New Zealand's Parliament has condemned the imprisonment of Australian journalist Peter Greste and two of his Al Jazeera colleagues in Egypt.
MPs unanimously passed a motion in the House on Tuesday in support of the three journalists, calling for their immediate release.
Peter Greste, Canadian-Egyptian national Mohamed Fahmy - the bureau chief of Al Jazeera English - and Egyptian producer Baher Mohamed have been sentenced to seven years in prison. Baher Mohamed was given an extra three years for possessing a single bullet.
The court found them guilty on charges including helping a terrorist organisation - namely the now banned Muslim Brotherhood - by publishing lies. They had all denied the charges.
New Zealand's Foreign Affairs Minister Murray McCully said press freedom and transparent judicial processes are fundamental to any democracy and the jail terms imposed appear to be aimed at silencing critics rather than serving justice.
Mr McCully said Egyptian authorities need to understand that the international community is watching closely and will not accept the verdicts.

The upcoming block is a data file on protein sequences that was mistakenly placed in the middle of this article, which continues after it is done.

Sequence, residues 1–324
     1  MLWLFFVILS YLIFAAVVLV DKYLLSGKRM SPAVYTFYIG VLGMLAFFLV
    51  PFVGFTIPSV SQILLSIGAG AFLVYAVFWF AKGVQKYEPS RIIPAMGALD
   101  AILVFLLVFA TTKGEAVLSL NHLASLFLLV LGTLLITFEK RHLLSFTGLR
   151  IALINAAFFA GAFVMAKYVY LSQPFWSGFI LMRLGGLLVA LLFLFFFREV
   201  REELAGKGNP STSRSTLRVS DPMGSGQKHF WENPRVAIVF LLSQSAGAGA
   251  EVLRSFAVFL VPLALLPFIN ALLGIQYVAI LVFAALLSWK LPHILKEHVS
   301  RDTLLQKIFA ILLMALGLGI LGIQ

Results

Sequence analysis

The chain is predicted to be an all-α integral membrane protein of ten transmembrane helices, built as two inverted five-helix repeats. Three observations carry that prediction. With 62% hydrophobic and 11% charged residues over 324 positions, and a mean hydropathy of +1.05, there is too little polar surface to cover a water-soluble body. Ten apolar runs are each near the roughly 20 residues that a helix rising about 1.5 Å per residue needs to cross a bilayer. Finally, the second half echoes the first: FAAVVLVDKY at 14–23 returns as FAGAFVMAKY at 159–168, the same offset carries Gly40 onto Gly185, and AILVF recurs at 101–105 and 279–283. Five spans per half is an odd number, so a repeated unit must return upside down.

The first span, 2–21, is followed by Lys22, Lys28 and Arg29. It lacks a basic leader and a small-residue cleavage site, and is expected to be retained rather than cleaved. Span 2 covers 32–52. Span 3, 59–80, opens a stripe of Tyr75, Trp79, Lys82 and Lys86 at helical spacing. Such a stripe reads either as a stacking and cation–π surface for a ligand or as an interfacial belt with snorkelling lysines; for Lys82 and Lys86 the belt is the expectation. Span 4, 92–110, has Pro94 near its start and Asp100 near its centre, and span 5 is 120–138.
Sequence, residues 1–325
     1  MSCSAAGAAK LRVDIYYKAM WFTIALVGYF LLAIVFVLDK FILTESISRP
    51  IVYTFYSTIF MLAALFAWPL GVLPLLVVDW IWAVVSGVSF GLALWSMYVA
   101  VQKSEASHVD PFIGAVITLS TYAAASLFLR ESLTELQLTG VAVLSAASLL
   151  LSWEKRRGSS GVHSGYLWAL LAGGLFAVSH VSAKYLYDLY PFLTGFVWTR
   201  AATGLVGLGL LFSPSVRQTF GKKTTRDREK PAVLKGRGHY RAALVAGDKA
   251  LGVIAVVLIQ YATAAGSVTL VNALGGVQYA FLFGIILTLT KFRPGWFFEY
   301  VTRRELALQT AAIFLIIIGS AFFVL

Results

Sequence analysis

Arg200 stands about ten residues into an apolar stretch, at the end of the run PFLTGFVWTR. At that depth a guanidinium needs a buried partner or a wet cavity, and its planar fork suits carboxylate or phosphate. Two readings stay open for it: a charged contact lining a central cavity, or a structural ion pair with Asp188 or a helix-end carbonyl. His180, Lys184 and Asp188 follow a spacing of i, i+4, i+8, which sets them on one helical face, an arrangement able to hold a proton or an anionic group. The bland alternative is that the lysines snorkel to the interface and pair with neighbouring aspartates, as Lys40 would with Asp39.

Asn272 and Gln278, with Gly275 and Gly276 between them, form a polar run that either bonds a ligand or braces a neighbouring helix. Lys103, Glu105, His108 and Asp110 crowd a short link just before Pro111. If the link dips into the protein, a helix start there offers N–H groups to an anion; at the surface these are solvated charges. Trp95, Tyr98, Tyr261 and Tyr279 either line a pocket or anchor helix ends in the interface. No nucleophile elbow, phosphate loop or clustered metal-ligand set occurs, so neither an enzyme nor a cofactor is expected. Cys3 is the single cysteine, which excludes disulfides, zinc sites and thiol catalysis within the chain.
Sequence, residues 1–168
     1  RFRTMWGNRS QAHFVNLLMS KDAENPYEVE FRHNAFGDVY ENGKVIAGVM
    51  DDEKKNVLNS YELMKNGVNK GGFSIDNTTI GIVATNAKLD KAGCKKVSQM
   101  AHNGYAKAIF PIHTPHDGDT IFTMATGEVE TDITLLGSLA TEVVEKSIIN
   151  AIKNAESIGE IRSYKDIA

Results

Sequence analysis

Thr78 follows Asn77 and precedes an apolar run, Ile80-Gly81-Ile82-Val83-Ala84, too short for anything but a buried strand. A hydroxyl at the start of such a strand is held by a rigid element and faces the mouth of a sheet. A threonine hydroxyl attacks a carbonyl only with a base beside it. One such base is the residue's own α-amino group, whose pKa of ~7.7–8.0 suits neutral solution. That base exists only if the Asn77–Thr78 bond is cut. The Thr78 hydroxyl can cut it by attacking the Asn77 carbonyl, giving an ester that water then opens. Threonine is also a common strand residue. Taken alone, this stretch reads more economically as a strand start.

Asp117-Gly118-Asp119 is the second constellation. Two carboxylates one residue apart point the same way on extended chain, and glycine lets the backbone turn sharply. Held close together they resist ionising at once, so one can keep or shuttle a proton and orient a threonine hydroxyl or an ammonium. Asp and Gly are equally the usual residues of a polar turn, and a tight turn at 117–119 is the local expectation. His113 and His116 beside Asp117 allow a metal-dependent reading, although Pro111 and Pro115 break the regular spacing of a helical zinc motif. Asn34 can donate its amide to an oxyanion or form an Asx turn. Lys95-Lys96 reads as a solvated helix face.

He said there is nothing to suggest that the journalists were doing anything other than their job, and authorities should review their case as a matter of urgency.
Ambassador acknowledges backlash
The Egyptian government has so far defended the convictions and rejected the widespread condemnation of them as interference in its internal affairs. President Abdel Fattah al-Sisi said on Tuesday that the independence of the judiciary must be respected and he will not interfere with the verdicts.
The ambassador to New Zealand, Mahmoud Zayed, said he can understand the backlash against his country.
Mr Zayed told Radio New Zealand's Checkpoint programme on Tuesday he can't comment on the specifics of the case, but does recognise the distress the verdict has caused. He said the thing to do is to focus on the appeals process and hope for the best.
Union wants immediate release
A New Zealand union representing journalists is calling on the Egyptian government to free the Al Jazeera trio immediately.
The Engineering, Printing and Manufacturing Union, which has about 700 journalist members, on Tuesday condemned the prosecution and imprisonment. An organiser, Joe Gallagher, said they are a serious threat to the freedom of the press, and all journalists must be free to report the news impartially and without fear of persecution.
The White House described the sentences as a blow to democratic progress in Egypt and called for the release of the journalists.
The Australian government said it was appalled by the sentencing of Mr Greste and his family said it would lodge an appeal. It has summoned a senior Egyptian diplomat to protest against the sentence.